Antipsychotic use up among U.S. medicaid-enrolled youth

September 14, 2012
Antipsychotic use up among U.S. medicaid-enrolled youth
There has been a substantial increase in antipsychotic use among Medicaid-enrolled children in recent years, with the increase partially driven by youth with attention-deficit/hyperactivity disorder and those with multiple diagnoses, according to a study published online Sept. 4 in Health Services Research.

(HealthDay)—There has been a substantial increase in antipsychotic use among Medicaid-enrolled children in recent years, with the increase partially driven by youth with attention-deficit/hyperactivity disorder (ADHD) and those with multiple diagnoses, according to a study published online Sept. 4 in Health Services Research.

Meredith Matone, M.H.S., from the Children's Hospital of Philadelphia, and colleagues used Medicaid Analytic Extract files for 50 states and the District of Columbia to describe the relationship between mental health diagnosis and treatment with in children from 2002 to 2007.

The researchers found that there was a 62 percent increase in antipsychotic use, reaching 354,000 youth by 2007. Proportionally, youth with bipolar disorder, schizophrenia, and autism were more likely to receive antipsychotics, while the largest consumers of antipsychotics over time were youth with and those with three or more mental health diagnoses. By 2007, 50 percent of total antipsychotic use was for youth with ADHD and one in seven antipsychotic users were youth with a sole diagnosis of ADHD.

"This national analysis revealed persistent growth in second-generation antipsychotic use among U.S. -enrolled children during the past decade," the authors write. "In the context of a complex relationship between childhood behavior, diagnosis, and treatment, future research will need to more broadly examine the efficacy and safety of second-generation antipsychotic use in pediatric populations and the potential consequences of efforts to restrict their use."

Explore further: New research expands understanding of psychoactive medication use among children in foster care

More information: Abstract
Full Text (subscription or payment may be required)

Related Stories

New research expands understanding of psychoactive medication use among children in foster care

April 30, 2012
A few months after the federal Government Accountability Office (GAO) issued a report on the use of psychoactive drugs by children in foster care in five states, a national study from PolicyLab at The Children's Hospital ...

More kids taking antipsychotics for ADHD: study

August 7, 2012
(HealthDay) -- Use of powerful antipsychotic medications such as Abilify and Risperdal to control youngsters with attention-deficit/hyperactivity disorder (ADHD) and other behavior problems has skyrocketed in recent years, ...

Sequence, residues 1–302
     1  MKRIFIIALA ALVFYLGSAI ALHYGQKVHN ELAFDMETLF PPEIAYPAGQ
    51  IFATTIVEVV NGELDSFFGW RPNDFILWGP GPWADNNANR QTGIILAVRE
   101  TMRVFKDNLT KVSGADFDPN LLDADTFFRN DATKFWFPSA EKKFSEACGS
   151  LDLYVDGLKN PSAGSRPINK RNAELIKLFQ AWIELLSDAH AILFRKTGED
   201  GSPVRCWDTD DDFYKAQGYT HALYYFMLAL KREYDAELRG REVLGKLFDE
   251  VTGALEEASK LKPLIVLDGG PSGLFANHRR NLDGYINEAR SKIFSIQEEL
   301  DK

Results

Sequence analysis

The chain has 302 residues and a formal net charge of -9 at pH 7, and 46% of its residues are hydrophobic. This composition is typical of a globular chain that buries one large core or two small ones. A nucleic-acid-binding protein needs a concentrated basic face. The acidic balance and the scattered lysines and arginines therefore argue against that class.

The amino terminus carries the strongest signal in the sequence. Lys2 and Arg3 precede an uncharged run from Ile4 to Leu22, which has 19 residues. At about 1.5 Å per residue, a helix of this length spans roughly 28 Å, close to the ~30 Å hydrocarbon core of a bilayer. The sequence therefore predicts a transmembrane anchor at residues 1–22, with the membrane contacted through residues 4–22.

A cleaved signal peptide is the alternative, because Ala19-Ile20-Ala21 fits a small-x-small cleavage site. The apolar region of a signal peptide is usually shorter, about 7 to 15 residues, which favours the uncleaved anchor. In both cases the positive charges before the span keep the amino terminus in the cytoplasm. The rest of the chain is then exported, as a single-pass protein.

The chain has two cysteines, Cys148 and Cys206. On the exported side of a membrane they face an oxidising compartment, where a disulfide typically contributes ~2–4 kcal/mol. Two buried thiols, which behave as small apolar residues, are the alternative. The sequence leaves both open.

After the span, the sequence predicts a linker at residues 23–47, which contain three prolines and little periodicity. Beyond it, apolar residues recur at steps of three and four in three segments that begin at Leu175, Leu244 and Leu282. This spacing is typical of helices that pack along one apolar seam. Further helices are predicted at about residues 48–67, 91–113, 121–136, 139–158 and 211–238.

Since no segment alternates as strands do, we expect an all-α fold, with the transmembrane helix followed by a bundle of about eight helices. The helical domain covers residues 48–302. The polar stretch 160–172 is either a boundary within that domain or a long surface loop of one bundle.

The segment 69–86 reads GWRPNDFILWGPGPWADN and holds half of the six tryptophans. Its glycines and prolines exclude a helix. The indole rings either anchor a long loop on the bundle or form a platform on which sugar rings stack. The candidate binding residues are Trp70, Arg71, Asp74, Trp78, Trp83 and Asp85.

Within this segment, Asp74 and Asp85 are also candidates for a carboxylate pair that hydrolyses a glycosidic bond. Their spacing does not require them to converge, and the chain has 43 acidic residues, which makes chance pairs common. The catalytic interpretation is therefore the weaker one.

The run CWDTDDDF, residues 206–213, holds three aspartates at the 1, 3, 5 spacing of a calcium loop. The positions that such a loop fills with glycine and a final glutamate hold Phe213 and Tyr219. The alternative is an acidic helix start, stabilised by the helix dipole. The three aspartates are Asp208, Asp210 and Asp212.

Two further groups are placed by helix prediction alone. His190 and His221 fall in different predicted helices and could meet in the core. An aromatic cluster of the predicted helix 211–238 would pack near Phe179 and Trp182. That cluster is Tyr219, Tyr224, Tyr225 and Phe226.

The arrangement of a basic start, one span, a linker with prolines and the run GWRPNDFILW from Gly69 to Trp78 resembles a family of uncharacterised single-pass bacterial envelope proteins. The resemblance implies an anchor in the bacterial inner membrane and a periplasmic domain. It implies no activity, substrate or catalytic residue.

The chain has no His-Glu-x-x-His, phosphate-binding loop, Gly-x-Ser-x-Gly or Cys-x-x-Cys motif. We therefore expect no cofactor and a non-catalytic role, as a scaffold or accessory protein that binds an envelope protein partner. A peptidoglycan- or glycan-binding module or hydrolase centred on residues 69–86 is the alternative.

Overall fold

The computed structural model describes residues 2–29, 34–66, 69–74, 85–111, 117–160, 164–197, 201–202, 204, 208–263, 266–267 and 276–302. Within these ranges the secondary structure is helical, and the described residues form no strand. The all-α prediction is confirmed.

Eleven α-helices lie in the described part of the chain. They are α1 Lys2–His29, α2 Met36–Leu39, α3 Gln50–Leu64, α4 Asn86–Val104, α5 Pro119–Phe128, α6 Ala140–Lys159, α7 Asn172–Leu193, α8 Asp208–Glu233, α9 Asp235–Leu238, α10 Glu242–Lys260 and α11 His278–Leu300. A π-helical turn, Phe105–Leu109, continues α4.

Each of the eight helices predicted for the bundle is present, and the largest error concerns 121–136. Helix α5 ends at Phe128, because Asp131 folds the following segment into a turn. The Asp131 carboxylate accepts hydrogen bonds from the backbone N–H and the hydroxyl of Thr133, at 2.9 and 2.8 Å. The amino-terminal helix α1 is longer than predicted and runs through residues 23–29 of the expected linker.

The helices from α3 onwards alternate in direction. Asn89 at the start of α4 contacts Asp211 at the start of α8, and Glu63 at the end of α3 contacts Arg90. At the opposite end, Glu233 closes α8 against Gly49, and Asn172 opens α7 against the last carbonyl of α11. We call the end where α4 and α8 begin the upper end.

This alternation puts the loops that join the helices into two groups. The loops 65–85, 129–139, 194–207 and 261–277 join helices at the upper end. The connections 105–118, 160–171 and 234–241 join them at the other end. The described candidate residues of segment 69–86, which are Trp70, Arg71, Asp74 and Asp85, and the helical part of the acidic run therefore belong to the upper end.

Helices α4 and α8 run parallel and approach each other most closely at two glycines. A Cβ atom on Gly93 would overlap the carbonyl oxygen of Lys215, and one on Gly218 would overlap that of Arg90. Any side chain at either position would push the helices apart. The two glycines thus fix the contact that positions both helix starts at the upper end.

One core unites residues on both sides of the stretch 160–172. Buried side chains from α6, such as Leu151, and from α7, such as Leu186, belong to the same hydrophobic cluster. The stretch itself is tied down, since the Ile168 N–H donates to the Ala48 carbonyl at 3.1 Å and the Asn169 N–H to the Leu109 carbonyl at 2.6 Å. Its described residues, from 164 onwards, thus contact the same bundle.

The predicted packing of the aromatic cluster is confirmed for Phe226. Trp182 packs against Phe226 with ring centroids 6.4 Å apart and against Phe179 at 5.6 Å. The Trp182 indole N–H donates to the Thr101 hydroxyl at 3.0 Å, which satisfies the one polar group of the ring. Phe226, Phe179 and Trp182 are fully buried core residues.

Reducing off-label use of antipsychotic medications may save money

May 15, 2012
Reducing the non-FDA-approved use of antipsychotic drugs may be a way to save money while having little effect on patient care, according to a Penn State College of Medicine study.

Hyperactivity: Increased prevalence of children with ADHD and the use of stimulants

March 5, 2012
A new study from the Université de Montréal shows an increase in prevalence of Canadian children diagnosed with attention-deficit hyperactivity disorder (ADHD) and in the use of medications associated with ADHD ...

Recommended for you

Twitter can reveal our shared mood

December 11, 2017
In the largest study of its kind, researchers from the University of Bristol have analysed mood indicators in text from 800 million anonymous messages posted on Twitter. These tweets were found to reflect strong patterns ...

Infant brain responses predict reading speed in secondary school

December 11, 2017
A study conducted at the Department of Psychology at the University of Jyväskylä, Finland and Jyväskylä Centre for Interdisciplinary Brain Research (CIBR) has found that the brain responses of infants with an inherited ...

Study provides hope that schizophrenia isn't as deep-rooted in affected individuals as previously believed

December 8, 2017
A schizophrenia patient's own perceptions of their experiences—and confidence in their judgments—may be factors that can help them overcome challenges to get the life they wish, suggests a new paper published in Clinical ...

The evolutionary advantage of the teenage brain

December 7, 2017
The mood swings, the fiery emotions, the delusions of immortality, all the things that make a teenager a teenager might just seem like a phase we all have to put up with. However, research increasingly shows that the behaviors ...

Study reveals gap in life expectancy for people with mental illness

December 7, 2017
New research from The Australian National University (ANU) has found that men who are diagnosed with a mental health condition in their lifetime can expect to live 10.2 years less than those who aren't, and women 7.3 years.

Reading on electronic devices may interfere with science reading comprehension

December 6, 2017
People who often read on electronic devices may have a difficult time understanding scientific concepts, according to a team of researchers. They suggest that this finding, among others in the study, could also offer insights ...

0 comments

Please sign in to add a comment. Registration is free, and takes less than a minute. Read more

Click here to reset your password.
Sign in to get notified via email when new comments are made.